A heavy infestation of mature Mediterranean fanworm on a boat that recently moved around the Bay of Islands moorings has alarmed biosecurity agents.
It has also raised the ire of local boaties who say their boats are getting infected by an invasion of pests already well settled in the area.
A weighty fleece of sheaths, weeds and worms was found on the vessel that was slipped at Opua after having been anchored at Tapu Point and Matauwhi Bay, near Russell.
During the Northland Regional Council's (NRC) 2015-2016 survey season, six vessels were recorded with fanworm in Matauwhi Bay.
"We did a follow up survey of Matauwhi Bay in late July this year which checked the reef, structures, moorings and adjacent hardstand area where incidents had been recorded, but no fanworm was found," NRC biosecurity manager Don McKenzie said.
The boat in question this week was inspected in the same routine biosecurity monitoring programme, with some hull fouling found on it, but no marine pests.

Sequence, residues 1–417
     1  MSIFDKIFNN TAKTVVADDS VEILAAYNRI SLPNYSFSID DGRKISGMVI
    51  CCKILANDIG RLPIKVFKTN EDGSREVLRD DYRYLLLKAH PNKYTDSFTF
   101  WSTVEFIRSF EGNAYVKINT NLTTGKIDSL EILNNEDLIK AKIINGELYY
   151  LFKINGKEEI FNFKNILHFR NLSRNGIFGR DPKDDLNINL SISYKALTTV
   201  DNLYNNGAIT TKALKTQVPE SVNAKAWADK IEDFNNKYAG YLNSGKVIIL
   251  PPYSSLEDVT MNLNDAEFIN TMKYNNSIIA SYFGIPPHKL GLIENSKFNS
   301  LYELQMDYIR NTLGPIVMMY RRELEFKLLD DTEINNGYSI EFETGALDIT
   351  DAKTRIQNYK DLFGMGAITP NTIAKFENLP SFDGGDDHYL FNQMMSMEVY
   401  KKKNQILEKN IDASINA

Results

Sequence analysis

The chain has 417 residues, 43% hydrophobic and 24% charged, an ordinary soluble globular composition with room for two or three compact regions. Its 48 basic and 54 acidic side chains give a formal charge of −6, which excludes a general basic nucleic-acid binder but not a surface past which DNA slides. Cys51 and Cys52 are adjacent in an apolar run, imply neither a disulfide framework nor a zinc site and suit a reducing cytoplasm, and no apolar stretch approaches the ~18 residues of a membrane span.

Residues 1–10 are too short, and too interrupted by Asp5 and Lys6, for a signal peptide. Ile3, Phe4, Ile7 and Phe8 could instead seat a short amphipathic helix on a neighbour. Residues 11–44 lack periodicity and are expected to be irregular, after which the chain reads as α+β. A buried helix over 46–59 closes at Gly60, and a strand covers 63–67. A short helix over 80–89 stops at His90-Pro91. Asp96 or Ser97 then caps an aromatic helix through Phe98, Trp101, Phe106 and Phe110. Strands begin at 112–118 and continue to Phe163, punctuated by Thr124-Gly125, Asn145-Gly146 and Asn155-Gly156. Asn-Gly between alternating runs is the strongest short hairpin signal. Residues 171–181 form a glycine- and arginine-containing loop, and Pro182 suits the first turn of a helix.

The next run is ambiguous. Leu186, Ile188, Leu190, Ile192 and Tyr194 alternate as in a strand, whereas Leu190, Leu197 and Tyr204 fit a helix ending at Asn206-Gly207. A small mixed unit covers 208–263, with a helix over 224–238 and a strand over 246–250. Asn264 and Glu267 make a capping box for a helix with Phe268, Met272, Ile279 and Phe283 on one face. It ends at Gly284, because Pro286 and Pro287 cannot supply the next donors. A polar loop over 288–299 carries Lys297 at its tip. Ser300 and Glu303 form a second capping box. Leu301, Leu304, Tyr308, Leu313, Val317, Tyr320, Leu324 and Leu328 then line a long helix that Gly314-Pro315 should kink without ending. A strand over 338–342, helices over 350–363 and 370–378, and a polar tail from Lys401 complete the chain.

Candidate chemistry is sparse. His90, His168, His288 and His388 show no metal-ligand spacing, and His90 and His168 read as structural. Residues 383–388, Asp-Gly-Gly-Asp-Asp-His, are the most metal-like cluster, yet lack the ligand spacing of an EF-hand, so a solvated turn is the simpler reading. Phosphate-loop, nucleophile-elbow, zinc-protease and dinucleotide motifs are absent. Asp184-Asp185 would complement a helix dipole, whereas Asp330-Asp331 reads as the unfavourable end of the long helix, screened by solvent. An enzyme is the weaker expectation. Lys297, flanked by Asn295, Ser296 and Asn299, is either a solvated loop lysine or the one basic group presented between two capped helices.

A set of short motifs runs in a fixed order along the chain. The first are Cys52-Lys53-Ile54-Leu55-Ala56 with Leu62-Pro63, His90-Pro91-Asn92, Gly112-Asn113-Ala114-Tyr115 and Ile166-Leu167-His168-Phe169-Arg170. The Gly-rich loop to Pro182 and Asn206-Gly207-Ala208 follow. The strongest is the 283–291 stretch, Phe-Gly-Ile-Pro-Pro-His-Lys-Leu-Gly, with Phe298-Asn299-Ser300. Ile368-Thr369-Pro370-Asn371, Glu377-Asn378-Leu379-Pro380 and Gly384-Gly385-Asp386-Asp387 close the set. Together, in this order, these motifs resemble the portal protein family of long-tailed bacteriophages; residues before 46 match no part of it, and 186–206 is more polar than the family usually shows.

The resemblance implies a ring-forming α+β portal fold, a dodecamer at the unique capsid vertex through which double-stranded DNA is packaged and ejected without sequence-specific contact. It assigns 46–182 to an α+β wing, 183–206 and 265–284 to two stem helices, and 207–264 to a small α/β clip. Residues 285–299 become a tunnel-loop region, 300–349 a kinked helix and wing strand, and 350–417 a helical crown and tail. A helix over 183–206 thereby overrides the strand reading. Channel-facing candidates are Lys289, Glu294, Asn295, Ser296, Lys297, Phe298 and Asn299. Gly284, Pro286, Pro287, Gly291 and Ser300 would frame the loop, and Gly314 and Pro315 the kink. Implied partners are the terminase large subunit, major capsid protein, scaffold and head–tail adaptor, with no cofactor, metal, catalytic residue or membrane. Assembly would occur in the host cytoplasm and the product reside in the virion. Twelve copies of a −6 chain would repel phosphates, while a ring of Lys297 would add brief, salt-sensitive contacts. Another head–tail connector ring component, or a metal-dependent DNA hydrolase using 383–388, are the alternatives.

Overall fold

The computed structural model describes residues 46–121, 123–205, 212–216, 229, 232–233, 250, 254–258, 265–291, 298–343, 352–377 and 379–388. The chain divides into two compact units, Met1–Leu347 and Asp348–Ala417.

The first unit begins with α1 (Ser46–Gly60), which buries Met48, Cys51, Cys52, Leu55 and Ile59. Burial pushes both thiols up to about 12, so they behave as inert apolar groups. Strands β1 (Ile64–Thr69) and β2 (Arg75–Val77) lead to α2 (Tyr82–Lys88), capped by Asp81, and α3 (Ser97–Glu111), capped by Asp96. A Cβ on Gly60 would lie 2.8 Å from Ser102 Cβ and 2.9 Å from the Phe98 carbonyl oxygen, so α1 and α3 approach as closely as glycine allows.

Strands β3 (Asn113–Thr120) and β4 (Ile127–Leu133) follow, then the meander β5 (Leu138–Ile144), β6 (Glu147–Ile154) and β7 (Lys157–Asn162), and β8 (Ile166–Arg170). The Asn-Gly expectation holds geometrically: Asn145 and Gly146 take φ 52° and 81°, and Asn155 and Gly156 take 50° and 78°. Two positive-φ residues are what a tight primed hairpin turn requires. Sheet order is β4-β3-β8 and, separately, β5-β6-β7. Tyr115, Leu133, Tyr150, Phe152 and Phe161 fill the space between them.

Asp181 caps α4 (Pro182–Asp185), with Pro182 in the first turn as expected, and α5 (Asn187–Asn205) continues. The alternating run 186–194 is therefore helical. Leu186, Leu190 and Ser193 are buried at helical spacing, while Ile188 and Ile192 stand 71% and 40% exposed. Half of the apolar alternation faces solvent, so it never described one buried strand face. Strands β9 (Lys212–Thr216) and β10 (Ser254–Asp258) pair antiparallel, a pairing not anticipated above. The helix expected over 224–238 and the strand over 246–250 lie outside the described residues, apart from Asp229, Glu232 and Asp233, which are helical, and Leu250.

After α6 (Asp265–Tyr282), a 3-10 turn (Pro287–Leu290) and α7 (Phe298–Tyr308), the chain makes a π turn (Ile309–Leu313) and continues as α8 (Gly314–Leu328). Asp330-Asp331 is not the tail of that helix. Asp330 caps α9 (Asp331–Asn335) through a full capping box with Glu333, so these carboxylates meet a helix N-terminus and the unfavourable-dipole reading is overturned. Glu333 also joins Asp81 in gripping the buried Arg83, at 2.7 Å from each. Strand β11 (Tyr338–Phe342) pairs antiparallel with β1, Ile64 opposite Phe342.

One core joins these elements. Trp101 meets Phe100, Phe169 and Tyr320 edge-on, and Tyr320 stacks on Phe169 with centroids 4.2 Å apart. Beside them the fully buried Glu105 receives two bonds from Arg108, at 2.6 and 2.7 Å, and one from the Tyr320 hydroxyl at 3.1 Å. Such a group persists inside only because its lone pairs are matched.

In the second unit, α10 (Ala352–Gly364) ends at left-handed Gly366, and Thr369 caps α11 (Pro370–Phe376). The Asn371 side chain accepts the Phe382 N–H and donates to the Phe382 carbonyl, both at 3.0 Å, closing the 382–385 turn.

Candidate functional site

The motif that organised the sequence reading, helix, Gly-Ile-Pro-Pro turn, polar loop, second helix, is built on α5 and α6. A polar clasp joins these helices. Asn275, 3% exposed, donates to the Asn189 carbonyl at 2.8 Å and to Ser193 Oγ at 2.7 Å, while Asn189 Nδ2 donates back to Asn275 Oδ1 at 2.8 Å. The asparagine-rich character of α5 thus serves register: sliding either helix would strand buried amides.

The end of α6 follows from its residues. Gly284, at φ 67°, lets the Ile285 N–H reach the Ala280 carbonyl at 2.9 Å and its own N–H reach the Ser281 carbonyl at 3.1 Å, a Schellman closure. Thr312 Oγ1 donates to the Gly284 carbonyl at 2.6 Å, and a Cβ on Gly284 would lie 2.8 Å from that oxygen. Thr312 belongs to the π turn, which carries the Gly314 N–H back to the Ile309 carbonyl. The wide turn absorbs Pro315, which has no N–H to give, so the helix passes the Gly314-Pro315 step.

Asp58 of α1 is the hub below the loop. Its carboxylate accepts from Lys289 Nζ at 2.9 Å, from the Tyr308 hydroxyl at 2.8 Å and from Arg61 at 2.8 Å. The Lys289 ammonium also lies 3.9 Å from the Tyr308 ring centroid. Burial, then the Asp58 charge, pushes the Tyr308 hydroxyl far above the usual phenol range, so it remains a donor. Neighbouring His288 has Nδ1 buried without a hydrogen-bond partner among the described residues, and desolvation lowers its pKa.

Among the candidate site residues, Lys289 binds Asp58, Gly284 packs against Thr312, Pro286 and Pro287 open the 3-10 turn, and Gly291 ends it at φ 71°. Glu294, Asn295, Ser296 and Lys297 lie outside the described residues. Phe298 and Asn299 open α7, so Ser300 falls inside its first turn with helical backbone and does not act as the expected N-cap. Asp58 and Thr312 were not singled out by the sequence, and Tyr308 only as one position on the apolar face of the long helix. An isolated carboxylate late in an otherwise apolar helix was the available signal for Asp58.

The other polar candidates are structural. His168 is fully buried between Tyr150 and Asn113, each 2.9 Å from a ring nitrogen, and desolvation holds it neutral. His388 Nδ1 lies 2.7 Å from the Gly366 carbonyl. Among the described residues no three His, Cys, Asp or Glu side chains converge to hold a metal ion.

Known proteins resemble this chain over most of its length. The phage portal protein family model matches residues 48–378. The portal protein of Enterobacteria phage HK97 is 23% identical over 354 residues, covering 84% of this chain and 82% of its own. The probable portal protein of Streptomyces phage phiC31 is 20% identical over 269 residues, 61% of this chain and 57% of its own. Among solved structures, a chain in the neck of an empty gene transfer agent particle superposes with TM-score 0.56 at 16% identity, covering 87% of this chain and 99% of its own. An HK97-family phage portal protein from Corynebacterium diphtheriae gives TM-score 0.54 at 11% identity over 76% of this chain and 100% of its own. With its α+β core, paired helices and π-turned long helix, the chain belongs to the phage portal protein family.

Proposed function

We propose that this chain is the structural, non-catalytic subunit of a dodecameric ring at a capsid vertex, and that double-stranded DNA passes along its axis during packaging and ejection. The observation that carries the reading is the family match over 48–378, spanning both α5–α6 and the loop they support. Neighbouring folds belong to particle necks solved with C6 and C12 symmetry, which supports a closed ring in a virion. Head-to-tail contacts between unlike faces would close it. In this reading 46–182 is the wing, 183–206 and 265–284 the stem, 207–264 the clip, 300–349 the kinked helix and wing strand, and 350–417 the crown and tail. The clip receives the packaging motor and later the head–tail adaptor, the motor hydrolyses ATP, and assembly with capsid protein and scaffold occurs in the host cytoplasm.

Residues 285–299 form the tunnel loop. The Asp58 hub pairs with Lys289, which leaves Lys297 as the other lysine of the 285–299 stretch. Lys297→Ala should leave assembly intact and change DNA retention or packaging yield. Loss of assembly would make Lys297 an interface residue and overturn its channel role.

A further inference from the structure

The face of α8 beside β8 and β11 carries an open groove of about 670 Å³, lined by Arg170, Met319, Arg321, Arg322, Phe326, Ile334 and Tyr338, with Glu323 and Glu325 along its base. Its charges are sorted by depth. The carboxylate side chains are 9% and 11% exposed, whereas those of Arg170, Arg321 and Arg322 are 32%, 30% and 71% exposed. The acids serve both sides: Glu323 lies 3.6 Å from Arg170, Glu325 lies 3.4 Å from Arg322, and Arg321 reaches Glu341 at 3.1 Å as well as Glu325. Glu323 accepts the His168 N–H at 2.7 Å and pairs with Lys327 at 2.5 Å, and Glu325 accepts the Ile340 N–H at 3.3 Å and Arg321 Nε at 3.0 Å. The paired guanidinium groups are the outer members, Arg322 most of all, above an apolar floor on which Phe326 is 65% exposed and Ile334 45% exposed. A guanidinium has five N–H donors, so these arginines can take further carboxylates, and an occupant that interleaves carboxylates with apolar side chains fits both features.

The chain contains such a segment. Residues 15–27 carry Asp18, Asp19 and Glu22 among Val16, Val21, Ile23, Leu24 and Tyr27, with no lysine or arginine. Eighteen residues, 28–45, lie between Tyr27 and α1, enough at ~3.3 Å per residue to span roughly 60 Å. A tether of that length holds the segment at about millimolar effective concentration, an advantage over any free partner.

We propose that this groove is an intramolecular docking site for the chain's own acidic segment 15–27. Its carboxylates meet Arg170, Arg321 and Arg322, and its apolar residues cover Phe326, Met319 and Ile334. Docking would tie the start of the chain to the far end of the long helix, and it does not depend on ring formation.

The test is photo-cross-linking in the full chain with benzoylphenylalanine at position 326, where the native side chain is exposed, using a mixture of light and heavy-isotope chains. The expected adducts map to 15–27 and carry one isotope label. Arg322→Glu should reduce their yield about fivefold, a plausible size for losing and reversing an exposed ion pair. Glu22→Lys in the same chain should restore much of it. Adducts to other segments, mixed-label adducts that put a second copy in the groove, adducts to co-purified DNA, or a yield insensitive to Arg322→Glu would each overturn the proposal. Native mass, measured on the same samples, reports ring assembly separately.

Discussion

As well as other unspecified action, an instant fine of $500 could be slapped on owners or those in charge of a boat carrying the highly invasive pest, although NRC staff are still considering whether to do so in this case.
Mr McKenzie said officials were alerted to the infestation after the vessel was pulled out of the water at Opua.
"We're also asking boaties - both locals and visitors alike - to be especially vigilant for fanworm and other unwanted marine pests."
That warning went to the nub of the matter as locals may not be able to prevent their boat hulls picking up unwanted pests already established in an area, Russell yacht hire owner Stephen Western said.
It was unfair to fine boat owners whose vessels had picked up the pest "at home", he said.
"It's like having a pohutukawa tree planted outside your house and being fined because it's got myrtle rust," Mr Western said.
He believed the explosion of fanworm, and even the increase in size and numbers of barnacles, was due in large part to the water getting warmer in recent years.
Anti-fouling products for smaller vessels were proving ineffective at repelling hitchhikers, but environmental laws prevented the use of heavier duty deterrents such as those used on large, ocean going ships, Mr Western said.
"The worm is here. The boats are getting anti-fouled and being inspected, and they're still picking it up."
The latest discovery comes as NRC contractors prepare for the annual Northland-wide hull inspection programme.
More than 2000 hulls of all kinds, from small runabouts to luxury super yachts, are expected to be checked over the next few months.
Contractors will survey the mooring area and seafloor where the vessel had been and would also start this year's hull inspection programme there.